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King Charles III was the role of Tim Piggott-Smith's life, says writer

tim pigott-smith, king charles III

The acclaimed actor Tim Piggott-Smith had, like Prince Charles, waited all his life for a defining role, according to Mike Bartlett

The writer of TV drama King Charles III has paid tribute to its late star Tim Pigott-Smith, claiming it was the role he had waited his whole career to play.

Tim, who died suddenly in April aged 70, had starred as a post-accession version of Prince Charles in the original stage play in 2014 before filming the TV adaptation of the drama for BBC2, which screens on Wednesday.

Writer Mike Bartlett said the actor, known for his role in 1984 TV series The Jewel In The Crown, had been searching a long time for a defining part such as playing the royal.

He said: “It did feel that this role was something special for him.

Tim Pigott-Smith takes the lead in King Charles III.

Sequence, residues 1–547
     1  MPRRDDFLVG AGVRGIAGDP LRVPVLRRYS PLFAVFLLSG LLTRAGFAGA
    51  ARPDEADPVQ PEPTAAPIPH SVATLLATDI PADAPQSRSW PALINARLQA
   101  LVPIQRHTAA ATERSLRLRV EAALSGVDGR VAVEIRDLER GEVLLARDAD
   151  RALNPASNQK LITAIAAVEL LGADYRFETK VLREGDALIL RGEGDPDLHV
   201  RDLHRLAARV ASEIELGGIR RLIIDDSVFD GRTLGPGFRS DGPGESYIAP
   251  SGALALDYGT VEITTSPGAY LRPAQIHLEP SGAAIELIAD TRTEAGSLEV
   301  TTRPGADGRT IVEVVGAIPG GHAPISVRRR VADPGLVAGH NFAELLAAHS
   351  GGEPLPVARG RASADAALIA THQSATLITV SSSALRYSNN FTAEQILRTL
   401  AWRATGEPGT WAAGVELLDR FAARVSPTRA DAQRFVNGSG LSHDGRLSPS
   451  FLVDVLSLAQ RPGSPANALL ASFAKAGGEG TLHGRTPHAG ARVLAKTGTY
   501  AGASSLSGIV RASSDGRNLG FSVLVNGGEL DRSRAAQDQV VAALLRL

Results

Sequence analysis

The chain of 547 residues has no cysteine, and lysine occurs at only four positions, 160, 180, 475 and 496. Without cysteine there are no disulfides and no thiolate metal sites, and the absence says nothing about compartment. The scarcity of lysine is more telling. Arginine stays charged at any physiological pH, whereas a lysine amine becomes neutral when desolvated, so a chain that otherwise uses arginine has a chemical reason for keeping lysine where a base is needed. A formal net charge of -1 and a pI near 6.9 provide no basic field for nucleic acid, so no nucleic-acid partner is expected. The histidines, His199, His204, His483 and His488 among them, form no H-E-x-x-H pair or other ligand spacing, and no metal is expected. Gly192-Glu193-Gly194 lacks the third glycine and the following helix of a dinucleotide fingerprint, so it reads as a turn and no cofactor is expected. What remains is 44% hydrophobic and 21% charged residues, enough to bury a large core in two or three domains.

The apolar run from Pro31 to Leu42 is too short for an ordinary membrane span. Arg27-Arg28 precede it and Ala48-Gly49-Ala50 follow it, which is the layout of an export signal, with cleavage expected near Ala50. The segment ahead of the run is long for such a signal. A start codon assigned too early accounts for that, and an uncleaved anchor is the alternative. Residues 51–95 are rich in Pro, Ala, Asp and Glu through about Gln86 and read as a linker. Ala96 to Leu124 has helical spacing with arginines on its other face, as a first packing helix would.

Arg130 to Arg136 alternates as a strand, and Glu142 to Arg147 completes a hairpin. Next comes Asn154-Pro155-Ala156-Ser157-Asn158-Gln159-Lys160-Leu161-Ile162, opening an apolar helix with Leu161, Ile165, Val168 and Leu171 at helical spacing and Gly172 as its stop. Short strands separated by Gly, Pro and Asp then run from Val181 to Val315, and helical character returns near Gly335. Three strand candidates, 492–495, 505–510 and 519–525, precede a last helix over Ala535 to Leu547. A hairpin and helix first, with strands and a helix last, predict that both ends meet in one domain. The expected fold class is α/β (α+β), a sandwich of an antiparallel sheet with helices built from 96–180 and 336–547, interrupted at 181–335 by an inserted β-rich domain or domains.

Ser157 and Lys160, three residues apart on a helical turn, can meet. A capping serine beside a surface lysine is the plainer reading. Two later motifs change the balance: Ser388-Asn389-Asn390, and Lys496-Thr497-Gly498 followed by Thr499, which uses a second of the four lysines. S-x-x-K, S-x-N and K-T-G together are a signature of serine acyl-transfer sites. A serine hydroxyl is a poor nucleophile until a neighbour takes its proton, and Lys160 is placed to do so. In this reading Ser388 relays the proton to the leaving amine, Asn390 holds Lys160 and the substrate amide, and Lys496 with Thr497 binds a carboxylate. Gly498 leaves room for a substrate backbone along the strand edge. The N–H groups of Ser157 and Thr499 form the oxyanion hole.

Tim Pigott-Smith plays King Charles III (Robert Viglasky/BBC/PA)


“He was exactly the same age as Prince Charles and like him, in a way, had been waiting for a role at some deep level for a while.

“He was a very acclaimed, accomplished actor, but maybe in terms of finding that role, he was in expectation.”

Talking about Tim’s work ethic, Mike continued: “My god, he worked hard, he just tore into it like a 22-year-old.

“He was a great man and a great actor, but this was also the great role for him.

“The saddest thing is that he never got to see the film – we kept offering it to him, but he didn’t want to watch the work.

“He had an odd suspicion about watching himself.”

>> Read an interview with Charlotte Riley about playing Kate Middleton in King Charles III

Oliver Chris, who plays Prince William in the drama and also starred alongside Tim in the stage version, gave a heartfelt tribute to his late co-star.

He said: “The net gain that the world has received from having him in it is so extraordinary that whilst it may be scant consolation for a life so tragically cut short, everybody who knew him, worked with him, had the pleasure of being mentored, comforted, supported, interacted with him, and everyone who has taken joy from his many magnificent performances, we can treasure that selfish memory.

“It doesn’t feel like he is no longer with us because the residue of what he has left behind is so vivid and so special that I’m privileged and honoured to have known him and worked with him.”

King Charles III screens on BBC2 on Wednesday at 9pm.